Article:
You may feel used to stepping up to the faucet, turning the handle and immediately unleashing a steady stream of water, but that's not the case for many people around the world. For approximately 2.1 billion people — that's roughly 30 percent of the world's population — clean water to drink isn't a given. The World Health Organization (WHO) notes this is the number of people without instant access to safe drinking water at home, and the results of drinking contaminated water are catastrophic.
Without clean drinking water, disease spreads. And it hits those with compromised immune systems, such as children, harder than others. In fact, WHO also states that a whopping 361,000 children under the age of five die every year due to a common and seemingly innocuous complication of drinking contaminated water — diarrhea.
But there is a ray of hope. Renewable sources of energy could drastically reduce the amount of fresh water the world requires.
The Truth About Water Scarcity and Energy
While drinking water may be the main concern when it comes to the scarce natural resources available, the majority of fresh water on the face of the planet can't get consumed. Much of it goes toward the business of producing energy. Take, for example, a manufacturing plant powered by coal. That single plant enlists 427 gallons of fresh water per MWh to keep things running smoothly — that is, to prevent equipment from overheating. In fact, 40 percent of the freshwater withdrawn from sources in the United States flows into cooling power plants.
This number becomes even more shocking when you consider just how little of the earth's water is considered "fresh." Water may cover the majority of the planet's surface, but a mere 1 percent is unpollutable and portable. That's partially because much of it exists as ice. Now, consider that the U.S. already spoke for 40 percent of that water, and you'll realize why water scarcity and fossil fuel energy sources go hand-in-hand.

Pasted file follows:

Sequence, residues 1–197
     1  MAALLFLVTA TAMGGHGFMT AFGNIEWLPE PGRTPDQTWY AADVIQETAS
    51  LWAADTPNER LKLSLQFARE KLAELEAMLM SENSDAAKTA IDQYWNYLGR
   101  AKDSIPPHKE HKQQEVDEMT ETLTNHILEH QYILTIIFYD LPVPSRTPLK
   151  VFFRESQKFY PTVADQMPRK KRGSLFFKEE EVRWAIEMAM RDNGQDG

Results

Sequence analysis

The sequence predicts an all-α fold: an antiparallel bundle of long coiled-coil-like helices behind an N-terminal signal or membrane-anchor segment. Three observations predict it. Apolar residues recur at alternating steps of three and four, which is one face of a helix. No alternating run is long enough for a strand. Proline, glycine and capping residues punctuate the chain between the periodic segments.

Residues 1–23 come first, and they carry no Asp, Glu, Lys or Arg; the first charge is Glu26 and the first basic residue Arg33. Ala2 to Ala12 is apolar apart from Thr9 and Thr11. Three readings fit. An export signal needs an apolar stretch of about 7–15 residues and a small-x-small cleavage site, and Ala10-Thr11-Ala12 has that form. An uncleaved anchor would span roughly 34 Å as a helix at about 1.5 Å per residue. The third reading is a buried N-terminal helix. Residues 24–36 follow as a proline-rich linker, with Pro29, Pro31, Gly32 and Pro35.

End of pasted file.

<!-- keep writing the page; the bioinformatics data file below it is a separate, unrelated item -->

The Solution Is Solar
Here's the good news — there's a relatively simple solution if the world will get on board, and it's solar power. The proof exists in rural India, where a pioneering engineer designed a water filtration plant powered entirely by the sun's rays. Manik Jolly's solar-powered plant funnels some of that 99 percent unusable water into a system that transforms it into potable drinking water with a few steps, including reserve-osmosis filtration and UV ray filtration.
Although Jolly's plant is paving the way for new technology and approaches, it's not without its drawbacks. For example, reverse osmosis water filtration creates a lot of wasted water — which is still better than all wasted water, but not ideal. Other potential options include plants that desalinate ocean water, but this is more costly. No potential solution comes without several barriers, especially when it comes to cost, which is why water scarcity remains a problem in regions across the globe.
The Long-Term Outlook
Innovators refuse to stop fighting for change, especially when it comes to the lives of innocent children who don't have access to clean drinking water. That's why a company in Dubai recently opened up a competition to the masses in search of a solution to this energy-water crisis. It's offering a million dollars to fund researchers' and innovators' potential solutions to the water crisis. More than 100 applications flowed in with ideas that could change the world — so this major issue could get solved within the next decade.
Think about it this way — equate all the available water, clean and polluted, to a single gallon. Using this comparison, a meager drop of water represents the amount people can drink. Of that one drop, 40 percent of it gets used by various manufacturers and power plants to cool their equipment. That leaves less than a drop for people to drink, cook with and water the crops that they eat.
The problem of water scarcity is not a small one. However, it's not an impossible one to solve, either. If the world embraces the potential of solar power, the sun could help filter and desalinate water, providing plenty for everyone to use — not just those who are lucky enough to turn on a faucet.